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Dublin: 2 °C Saturday 29 February, 2020

'Integration means you are Syrian and now you're Irish as well'

A welcome reception for Syrian refugees is being held in Blanchardstown today.

An elderly Syrian refugee man walks back to his shelter on a frozen ground at the refugee camp of Ritsona about 86 kilometers north of Athens.
An elderly Syrian refugee man walks back to his shelter on a frozen ground at the refugee camp of Ritsona about 86 kilometers north of Athens.
Image: AP/Press Association Images

A WELCOME RECEPTION will held for Syrian refugees in Blanchardstown today, with its organiser saying both sides can help the integration process.

Shaykh Dr. Umar Al-Qadri, Head Imam of the Islamic Centre, said that the Irish nation is known for its generosity and warm welcome but this can change if the refugees do not integrate in the society. He told that Irish people can welcome refugees in practical ways.

“Practically speaking, there are already some in Ireland like community groups and church groups, who are doing great things.

“I think local people could start meetings – in churches, GAA halls, community centres – you could welcome them into your house for dinner or show them the local shopping centre.”

Al-Qadri says real integration can make Irish society stronger and ward off extremism.

“If people wanted to be proactive, they could contact us here in the mosques or the refugee centres, because that’s where refugees spend their days. That is important because integration doesn’t happen in centres, it happens in the streets. Personally, I’m not aware of the government integration procedure and that is worrying. They should have engaged with the likes of ourselves.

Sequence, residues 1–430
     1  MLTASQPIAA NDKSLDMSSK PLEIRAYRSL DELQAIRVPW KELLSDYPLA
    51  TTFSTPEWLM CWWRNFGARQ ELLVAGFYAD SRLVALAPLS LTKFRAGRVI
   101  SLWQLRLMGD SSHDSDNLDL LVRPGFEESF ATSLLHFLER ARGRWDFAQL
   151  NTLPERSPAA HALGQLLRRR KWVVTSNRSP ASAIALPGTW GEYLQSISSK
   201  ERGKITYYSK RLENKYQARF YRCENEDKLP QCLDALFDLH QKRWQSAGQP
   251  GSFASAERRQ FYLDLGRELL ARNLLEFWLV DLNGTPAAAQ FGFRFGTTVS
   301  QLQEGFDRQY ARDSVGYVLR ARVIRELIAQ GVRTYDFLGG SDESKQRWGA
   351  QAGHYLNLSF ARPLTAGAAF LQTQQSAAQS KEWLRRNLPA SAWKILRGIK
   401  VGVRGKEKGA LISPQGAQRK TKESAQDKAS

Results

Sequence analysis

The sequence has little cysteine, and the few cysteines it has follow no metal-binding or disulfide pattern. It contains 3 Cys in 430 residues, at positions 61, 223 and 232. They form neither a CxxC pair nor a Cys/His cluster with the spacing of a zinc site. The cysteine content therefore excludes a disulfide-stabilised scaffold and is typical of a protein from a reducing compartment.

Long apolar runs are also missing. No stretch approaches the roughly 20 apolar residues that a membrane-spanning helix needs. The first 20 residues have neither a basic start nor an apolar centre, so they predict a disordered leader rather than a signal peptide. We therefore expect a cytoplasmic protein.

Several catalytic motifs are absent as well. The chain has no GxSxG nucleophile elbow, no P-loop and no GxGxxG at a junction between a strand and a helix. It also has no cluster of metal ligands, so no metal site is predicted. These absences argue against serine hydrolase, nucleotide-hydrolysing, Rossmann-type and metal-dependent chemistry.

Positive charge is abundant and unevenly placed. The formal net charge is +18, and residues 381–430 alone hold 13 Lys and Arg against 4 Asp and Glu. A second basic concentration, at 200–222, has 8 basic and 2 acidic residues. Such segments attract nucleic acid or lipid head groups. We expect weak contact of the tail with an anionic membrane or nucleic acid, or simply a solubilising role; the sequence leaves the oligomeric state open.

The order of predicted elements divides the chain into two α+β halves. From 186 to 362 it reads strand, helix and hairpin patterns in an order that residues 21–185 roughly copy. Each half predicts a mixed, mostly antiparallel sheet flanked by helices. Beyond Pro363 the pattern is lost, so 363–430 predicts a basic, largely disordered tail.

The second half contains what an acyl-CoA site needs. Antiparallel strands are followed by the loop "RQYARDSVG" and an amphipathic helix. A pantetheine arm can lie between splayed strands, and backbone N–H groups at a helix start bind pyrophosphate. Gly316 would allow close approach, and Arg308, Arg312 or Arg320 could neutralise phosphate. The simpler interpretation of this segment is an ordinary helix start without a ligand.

We want these people to know they are welcome here. Irish society is a plural society and we want that to continue, but we also want them to know that they have to give back to that community that is welcoming them.

“I think seeing that welcome will inspire refugees and show them that integration does not mean you have to leave your identity behind. It means you are Syrian and now you’re Irish as well. I try to teach them that the Prophet says you must love your homeland and love the country that has welcomed you twice as much.”

The event will take place at 1pm in the Islamic Centre of Ireland today. Each Syrian refugee family will also be introduced to a host family who will support them in their resettlement and integration in Ireland. The Syrian refugees will also be presented with gifts and donations.

Read: ‘This is a farce’: Anger as TD ‘left in the dark over refugee centre’

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